iWill for iPhone and iWill HD for iPad
One of the most striking differences between the iOS and Mac OS platforms is that the former lacks the primary organizing metaphor of the “virtual desktop” that has been crucial to the Mac since its introduction in 1984. It’s remarkable how unremarked this difference has gone—apparently the app-centric environment, sans Trash Can and folders and drop-down menus, is just fine for most users.
The only reason it’s being remarked upon here is because iWill HD—a personal productivity app for the iPad, which features a Getting Things Done work-system at its core—does attempt to provide an old-fashioned pseudo-desktop. When you launch the app from Sud Soft Systems, it’s all there—a large wall calendar (on a brick wall background), an analog clock, a “cork” board, three-ring binders, a tuner, newspaper, globe, dayplanner, even a cup of coffee.
Tap on the tuner, and you get access, from within the app, to your music library (but not, alas, Pandora, WunderRadio, or other such services). Pick some tunes, then tap on the newspaper and … a basic Web browser opens, providing access to any site (no default news site is chosen). The browser is very limited—there’s no obvious, simple way to import bookmarks, and no way to print pages, but it does reside entirely within the app.
A nice “GPS” feature, which works even on iPads without 3G, enables you to add locations to tasks, and then see “nearby tasks” on a map. You can send e-mail from within the app and share tasks via mail, Twitter, Facebook, Evernote, and—if Bluetooth is enabled) with other iOS devices running iWill HD or the iPhone version of iWill. The latter feature require “remote reminders,” a concept that is somewhat confusing, as the in-app help says that you can use up to “63 local reminders (for free),” but that to use more than 63 reminders goes beyond a limitation intrinsic to iOS. The solution: you can purchase, from within the app, reminders in packs of 500 (for $1) or 1,500 ($3).
The iPhone version of iWill lacks the desktop metaphor—no music player, Web browser, bulletin board, or even cup of coffee adorns the pocket-size version (though it does have the map/GPS locator). But like the iPad version, it is a solid, if unremarkable, GTD app. If you switch frequently between an iPad and iPhone or iPod touch, it might be worthwhile to have both versions, especially with the reminder-sharing capabilities.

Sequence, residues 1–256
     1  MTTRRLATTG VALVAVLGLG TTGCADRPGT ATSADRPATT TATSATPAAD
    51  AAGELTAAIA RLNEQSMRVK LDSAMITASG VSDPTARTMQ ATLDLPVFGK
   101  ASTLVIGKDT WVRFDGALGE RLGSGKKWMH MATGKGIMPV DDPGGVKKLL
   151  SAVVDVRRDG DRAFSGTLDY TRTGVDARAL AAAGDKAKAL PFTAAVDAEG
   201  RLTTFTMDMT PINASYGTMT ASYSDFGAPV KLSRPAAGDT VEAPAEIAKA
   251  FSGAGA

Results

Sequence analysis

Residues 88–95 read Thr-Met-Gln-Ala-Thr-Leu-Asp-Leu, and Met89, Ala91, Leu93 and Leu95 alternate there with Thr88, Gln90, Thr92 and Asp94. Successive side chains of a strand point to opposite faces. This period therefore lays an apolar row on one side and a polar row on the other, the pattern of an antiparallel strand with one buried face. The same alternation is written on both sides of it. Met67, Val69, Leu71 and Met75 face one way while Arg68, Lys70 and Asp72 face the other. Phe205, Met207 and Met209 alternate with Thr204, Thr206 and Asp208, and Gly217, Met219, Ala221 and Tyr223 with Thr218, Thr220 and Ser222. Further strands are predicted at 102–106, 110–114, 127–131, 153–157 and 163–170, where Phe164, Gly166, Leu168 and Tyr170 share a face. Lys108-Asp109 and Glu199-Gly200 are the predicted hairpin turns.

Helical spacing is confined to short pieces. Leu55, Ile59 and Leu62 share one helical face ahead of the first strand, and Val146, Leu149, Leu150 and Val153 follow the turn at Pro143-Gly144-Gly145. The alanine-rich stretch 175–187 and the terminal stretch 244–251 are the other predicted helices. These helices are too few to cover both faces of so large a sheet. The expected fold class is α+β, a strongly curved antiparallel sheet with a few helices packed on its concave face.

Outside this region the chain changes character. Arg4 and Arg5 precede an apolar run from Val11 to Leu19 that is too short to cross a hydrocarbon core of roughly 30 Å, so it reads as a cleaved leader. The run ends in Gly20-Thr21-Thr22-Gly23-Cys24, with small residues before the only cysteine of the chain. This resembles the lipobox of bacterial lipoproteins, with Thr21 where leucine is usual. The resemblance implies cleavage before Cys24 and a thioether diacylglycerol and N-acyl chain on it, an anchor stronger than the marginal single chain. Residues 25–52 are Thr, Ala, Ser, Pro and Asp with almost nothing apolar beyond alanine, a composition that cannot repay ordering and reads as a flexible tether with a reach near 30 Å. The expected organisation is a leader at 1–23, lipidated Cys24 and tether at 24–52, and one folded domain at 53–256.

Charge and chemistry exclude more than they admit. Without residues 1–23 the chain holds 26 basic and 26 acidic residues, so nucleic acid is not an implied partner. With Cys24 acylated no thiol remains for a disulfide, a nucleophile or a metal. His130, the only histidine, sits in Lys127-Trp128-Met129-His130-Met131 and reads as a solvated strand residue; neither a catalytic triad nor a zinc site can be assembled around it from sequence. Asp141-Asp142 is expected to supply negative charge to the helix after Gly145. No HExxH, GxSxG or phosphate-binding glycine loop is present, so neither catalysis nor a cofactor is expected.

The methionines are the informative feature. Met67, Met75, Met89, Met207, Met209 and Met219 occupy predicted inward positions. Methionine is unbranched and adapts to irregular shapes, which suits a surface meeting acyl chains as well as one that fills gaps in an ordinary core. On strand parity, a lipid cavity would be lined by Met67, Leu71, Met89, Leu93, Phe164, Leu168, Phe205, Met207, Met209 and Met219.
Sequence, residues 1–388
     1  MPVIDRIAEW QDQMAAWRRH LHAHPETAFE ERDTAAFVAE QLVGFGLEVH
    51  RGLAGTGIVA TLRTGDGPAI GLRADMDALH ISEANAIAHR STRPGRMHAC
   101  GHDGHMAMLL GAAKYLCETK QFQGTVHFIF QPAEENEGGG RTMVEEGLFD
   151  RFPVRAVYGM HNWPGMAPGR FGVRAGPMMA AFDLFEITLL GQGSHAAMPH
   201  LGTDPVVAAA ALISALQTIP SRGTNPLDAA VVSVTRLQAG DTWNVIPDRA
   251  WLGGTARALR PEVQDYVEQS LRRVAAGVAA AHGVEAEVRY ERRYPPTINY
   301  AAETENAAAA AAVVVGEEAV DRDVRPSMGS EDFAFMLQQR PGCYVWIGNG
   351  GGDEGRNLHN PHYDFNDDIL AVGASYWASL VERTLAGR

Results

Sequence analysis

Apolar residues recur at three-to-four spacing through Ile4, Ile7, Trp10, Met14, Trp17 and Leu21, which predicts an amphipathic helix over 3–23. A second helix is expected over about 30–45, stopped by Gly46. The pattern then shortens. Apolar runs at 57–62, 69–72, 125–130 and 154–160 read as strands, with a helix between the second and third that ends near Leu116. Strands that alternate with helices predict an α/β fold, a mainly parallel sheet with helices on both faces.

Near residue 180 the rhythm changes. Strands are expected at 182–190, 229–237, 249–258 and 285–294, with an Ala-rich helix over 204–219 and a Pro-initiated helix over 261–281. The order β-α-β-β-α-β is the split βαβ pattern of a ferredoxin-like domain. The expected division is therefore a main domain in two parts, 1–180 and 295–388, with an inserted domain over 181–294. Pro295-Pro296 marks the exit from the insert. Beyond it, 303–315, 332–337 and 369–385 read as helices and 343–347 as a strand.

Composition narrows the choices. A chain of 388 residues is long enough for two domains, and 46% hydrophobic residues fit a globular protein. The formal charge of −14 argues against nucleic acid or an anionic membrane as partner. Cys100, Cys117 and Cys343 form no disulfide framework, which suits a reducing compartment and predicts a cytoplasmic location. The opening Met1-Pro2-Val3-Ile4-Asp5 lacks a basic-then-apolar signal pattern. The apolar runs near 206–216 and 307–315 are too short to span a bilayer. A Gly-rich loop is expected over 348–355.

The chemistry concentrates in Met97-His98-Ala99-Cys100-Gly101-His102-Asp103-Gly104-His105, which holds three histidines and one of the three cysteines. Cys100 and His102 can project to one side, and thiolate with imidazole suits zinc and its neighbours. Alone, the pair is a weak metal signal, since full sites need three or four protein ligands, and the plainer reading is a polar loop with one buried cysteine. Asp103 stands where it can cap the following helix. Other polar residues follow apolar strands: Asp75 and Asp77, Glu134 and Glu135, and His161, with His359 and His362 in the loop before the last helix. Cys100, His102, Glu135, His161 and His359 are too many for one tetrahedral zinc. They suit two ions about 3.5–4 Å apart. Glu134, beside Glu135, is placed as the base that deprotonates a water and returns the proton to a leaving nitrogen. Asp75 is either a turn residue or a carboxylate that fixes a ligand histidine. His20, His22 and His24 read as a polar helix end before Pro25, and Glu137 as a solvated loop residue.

iWill HD and iWill may be best suited to Getting Things Done beginners. The task-management method can be complex and require a steep learning curve, especially compared to the good old to-do list. In addition, it’s not a method that works for everyone. Some other apps that accommodate GTD, such as Things, are more elegant and—at least in the case of Things—support free syncing between the iPhone, iPad, and Mac versions of the program. There’s no need to purchase packs of reminders.
The reminder purchase requirement could be considered a serious limitation for an app that features reminders as a core capability. Reminders are a key element of Getting Things Done, and while personal use of reminders will vary, having to make in-app purchases of reminders could turn into a slow bleed of funds for some users who make iWill and/or iWill HD their primary task manager. On the other hand, if you’re a beginner or not a “power” Getting Things Done practitioner, you may find iWill and iWill HD’s core capabilities sufficient and the interface attractive.
[Jeff Merron is a freelance writer and editor living in North Carolina.]